It follows then that whenever we speak about G-d we’re forced to use metaphor and simile rather than say things straight out, Ramchal points out. That’s to say, we use words to depict Him, to be sure, but they’re inexact because there’s simply no choice.
Now, that’s a decidedly unscientific way of doing things, but common enough in our experience. It’s somewhat like trying to describe your reactions to an idea you’d come upon that you found to be profound and very galvanizing because of who you are and what you’ve been through, but which wouldn’t mean as much to others. Suppose, for example, you came to learn that you were adopted.
You could describe yourself as being thunderstruck and keeled over by the idea, for example; or report that your heart pounded and your head throbbed when you came upon the news, your jaw dropped, you suddenly became of cold and quiet, etc., and that would help explain how moved you were by the discovery. But no one other than you could put the pieces together and come to know as well as you how revolutionary and eye-opening a discovery that was for you.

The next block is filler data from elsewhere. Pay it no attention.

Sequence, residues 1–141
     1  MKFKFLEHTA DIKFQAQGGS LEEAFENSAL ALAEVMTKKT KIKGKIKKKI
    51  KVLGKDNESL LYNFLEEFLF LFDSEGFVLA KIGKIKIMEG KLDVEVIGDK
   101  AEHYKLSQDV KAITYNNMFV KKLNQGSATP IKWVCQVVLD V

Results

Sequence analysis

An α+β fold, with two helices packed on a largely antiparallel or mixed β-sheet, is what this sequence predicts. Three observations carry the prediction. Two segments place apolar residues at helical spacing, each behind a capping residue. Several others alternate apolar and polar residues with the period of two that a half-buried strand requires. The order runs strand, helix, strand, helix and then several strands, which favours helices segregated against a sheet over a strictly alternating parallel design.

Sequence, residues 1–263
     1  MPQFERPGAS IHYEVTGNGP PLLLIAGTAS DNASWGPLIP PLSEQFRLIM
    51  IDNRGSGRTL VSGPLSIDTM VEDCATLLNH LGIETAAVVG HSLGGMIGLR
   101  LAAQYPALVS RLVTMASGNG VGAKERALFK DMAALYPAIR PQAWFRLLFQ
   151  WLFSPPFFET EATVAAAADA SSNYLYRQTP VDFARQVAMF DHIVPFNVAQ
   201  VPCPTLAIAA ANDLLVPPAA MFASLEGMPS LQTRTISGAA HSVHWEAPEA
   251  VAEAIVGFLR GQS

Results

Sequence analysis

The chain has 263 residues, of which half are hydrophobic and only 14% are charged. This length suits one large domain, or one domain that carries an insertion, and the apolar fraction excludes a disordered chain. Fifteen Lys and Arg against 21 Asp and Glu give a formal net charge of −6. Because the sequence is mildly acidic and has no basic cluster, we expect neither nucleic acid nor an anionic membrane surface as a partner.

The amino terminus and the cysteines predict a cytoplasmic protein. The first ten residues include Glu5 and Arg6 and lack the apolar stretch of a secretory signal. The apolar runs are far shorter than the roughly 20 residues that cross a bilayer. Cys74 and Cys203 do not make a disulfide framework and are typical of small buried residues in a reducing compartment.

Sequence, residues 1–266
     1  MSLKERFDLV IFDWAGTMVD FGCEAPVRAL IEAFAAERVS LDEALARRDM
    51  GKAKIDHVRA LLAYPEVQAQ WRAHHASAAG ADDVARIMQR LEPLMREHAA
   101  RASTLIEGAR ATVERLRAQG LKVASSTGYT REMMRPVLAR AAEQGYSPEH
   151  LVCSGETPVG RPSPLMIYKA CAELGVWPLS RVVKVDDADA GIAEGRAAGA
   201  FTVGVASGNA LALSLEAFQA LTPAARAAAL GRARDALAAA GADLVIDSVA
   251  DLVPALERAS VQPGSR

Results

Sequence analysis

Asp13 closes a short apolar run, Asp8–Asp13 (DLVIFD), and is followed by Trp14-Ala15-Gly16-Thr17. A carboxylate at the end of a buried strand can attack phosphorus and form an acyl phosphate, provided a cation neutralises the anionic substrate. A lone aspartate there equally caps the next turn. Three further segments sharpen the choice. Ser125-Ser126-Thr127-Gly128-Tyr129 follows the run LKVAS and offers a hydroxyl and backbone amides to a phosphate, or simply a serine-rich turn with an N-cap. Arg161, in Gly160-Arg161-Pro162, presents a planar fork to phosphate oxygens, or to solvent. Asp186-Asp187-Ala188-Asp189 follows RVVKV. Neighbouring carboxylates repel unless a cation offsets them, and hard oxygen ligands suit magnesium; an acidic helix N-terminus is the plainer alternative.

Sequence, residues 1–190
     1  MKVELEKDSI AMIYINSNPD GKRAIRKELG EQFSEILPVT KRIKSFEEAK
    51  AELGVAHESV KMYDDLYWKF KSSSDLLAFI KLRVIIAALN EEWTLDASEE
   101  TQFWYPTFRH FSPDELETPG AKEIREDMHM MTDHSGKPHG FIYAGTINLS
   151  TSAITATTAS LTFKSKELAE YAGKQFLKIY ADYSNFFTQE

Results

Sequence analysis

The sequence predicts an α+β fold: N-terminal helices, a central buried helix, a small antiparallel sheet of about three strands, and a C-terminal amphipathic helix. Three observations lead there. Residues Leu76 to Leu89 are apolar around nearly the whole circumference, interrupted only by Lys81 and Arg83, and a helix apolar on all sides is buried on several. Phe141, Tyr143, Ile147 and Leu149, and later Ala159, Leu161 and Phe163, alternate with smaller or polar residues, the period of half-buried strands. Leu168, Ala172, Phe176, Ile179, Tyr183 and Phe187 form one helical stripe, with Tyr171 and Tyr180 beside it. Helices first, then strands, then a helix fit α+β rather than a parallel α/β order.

That is, you could describe how you felt when you learned it, or perhaps even suggest that others imagine themselves finding out that they’d been adopted, but you could never express the profundity of that discovery in your own life to anyone. In much the same way we can describe G-d’s effects on the cosmos, or draw analogies to Him in our own experiences, but we could never describe G-d Himself (as only He could do that).
For as Ramchal puts it, “our language only refers to the natural and finite world” and we have no other choice but to speak of such things. But G-d is transcendent of all that, so we simply don’t have the vocabulary to refer to Him. The lesson that we should draw from that is that whatever we say about G-d is inexact if not out-and-out wrong, but we’re impelled to speak of Him in order to understand what He asks of us in this world, and that we should keep this idea in mind at all times.